Fur garments.

While "tropical" equipment for hot climates was well stocked by the time German troops arrived in North-Africa, Hitler refused to provide the Eastern front with special winter uniforms assuming victory by then.
As a result the soldiers on the Eastern front faced the winter of 1941/42 without adapted garments, often relying on improvised paper garments or even civilian ones that were collected and send from Germany.
From late 1941, fur items were being designed that would use fur provided by special breeding farms in or around concentration camps and collected during annual Winterhilfwerkung collection runs.

[Hot vs. cold climate preparations.]

Certificate thanking a lady in Nuremberg for her contribution on Christmas 1941.


Based on the Russian "Ushanka" hat that like many other Russian winter garments proved a popular war trophy with cold German troops.


Featuring a "Mützenadler" with silver finish and rabit fur trim, this early example is marked 1942 and size 55 (maker illegible).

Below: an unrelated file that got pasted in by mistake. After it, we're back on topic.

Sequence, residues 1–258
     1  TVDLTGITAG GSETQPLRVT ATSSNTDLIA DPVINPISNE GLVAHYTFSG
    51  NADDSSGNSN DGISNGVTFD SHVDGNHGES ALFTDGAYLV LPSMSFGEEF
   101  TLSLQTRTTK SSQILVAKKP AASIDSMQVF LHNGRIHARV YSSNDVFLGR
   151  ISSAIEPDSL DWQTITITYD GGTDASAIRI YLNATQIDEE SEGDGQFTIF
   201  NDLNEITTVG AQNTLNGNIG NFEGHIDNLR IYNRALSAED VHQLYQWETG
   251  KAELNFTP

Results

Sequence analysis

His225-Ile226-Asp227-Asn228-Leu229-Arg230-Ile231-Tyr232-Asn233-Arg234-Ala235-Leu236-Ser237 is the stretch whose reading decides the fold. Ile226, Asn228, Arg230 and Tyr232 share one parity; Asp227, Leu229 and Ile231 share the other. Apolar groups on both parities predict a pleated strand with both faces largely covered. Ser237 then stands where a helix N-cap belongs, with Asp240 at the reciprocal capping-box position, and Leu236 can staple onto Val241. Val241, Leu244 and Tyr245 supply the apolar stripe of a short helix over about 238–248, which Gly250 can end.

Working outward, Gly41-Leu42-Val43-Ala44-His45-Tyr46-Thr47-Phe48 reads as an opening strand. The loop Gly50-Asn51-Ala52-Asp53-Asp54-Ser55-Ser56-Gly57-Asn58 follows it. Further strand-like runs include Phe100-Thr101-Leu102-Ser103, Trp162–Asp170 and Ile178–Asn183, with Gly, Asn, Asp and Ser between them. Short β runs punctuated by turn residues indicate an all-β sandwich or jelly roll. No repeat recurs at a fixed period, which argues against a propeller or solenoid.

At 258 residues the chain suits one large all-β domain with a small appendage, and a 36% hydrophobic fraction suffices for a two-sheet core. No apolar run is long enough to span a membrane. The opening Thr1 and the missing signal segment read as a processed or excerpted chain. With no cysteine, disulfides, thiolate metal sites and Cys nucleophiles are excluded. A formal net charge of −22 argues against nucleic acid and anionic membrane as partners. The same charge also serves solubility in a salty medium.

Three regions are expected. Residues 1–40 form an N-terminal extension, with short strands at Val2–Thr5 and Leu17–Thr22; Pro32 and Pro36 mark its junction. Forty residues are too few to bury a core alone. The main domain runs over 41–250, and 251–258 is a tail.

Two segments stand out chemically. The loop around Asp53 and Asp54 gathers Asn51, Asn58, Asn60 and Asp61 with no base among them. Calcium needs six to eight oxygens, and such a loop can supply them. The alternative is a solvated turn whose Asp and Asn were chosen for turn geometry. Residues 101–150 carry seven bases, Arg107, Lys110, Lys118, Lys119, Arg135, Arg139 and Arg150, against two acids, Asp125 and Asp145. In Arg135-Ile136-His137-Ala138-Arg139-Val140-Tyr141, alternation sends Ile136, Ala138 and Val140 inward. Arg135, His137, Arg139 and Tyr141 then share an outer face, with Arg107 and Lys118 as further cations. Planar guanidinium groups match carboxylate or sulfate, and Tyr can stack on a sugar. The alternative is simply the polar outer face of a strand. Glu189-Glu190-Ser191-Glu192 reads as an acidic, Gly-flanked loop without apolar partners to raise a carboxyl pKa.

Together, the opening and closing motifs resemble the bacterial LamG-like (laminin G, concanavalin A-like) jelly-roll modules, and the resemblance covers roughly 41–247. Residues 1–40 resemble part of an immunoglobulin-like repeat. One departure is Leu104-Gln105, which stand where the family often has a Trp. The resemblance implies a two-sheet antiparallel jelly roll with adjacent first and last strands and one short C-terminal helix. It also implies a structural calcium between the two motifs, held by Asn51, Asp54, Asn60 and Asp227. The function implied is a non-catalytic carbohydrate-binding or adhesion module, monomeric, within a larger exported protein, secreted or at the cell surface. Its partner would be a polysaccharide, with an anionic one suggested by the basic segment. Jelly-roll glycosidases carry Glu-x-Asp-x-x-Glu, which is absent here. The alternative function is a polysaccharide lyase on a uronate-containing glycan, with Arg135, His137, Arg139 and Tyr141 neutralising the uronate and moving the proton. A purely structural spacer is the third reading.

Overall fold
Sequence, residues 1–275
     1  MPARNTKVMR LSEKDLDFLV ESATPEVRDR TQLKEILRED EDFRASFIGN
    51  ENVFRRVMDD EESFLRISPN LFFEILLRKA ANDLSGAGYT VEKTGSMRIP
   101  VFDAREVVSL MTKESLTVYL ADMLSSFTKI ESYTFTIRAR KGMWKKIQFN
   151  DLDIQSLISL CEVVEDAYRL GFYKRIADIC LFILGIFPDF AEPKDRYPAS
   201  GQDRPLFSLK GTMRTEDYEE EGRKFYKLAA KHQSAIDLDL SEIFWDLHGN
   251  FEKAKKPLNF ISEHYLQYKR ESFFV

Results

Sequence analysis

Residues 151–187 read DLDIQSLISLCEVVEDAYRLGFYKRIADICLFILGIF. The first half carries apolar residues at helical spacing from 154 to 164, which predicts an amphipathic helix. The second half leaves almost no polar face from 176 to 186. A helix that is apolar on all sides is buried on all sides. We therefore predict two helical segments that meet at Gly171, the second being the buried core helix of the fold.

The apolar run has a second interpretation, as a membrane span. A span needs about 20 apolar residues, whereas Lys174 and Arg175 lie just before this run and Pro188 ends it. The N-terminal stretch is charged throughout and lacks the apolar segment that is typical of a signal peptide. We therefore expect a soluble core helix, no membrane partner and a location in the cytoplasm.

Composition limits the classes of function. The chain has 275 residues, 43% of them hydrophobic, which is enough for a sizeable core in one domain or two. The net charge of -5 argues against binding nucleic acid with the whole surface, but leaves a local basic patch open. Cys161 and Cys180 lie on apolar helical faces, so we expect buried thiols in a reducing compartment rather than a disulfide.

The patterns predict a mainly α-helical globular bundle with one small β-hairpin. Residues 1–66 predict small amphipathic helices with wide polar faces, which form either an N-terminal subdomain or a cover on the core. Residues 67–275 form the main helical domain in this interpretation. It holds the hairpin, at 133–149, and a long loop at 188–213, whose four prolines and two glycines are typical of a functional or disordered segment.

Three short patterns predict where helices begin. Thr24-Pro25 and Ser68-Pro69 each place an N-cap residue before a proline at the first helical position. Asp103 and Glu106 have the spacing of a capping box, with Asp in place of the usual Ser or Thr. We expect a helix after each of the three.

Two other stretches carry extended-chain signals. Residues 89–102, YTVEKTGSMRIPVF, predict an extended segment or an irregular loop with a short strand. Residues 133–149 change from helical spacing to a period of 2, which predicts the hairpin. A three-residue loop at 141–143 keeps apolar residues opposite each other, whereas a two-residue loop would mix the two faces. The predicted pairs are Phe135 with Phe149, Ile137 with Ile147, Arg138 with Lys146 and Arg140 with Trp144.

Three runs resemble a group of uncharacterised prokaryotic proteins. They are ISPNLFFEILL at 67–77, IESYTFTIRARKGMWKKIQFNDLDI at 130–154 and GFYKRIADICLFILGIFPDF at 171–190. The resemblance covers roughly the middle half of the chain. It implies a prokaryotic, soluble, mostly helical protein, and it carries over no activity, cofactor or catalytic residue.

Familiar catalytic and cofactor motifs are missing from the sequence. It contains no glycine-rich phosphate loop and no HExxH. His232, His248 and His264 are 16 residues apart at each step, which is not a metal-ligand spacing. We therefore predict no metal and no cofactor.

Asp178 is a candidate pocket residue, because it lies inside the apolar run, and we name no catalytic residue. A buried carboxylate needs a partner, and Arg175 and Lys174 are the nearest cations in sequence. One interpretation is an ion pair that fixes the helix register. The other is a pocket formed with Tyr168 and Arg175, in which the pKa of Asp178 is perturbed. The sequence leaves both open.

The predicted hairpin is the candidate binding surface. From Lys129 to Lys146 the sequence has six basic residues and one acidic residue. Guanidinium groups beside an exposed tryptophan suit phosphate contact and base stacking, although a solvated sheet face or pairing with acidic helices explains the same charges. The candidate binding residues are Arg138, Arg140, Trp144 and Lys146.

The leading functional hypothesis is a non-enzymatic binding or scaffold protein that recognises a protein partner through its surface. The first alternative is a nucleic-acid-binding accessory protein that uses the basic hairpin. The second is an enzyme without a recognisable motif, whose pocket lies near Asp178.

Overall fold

fml fmb


Closer view of out- and inside fabrics used, the latter reinfored at the crown with typical early war spiral stitching (later square) in coton thread.
Source: "Winteruniforms of the German army and luftwaffe in WW2 by Vincent Slegers".


Designed in late 1941 it comprised of a jacket, pants and gloves to be worn over the standard uniform. These garments were often worn with the fur outside for added camouflage.


A typical early construction style, it has the armpit cutouts and is made of several pieces of bleached, untanned pieces of rabbitskin.
Source: "Winteruniforms of the German army and luftwaffe in WW2 by Vincent Slegers".


For joining the patches of fur, aswell as reinforce all the outer eges of the Felljacke, either untanned leather strips or fabric were used.




With hardly any info on them yet i am unsure if these are part of the Fellanzug but undoubtably a treasured pair at the time, note the repair on the right.


Also featuring rabbit fur trim, they fit nicely in a pair of Fäustlinge.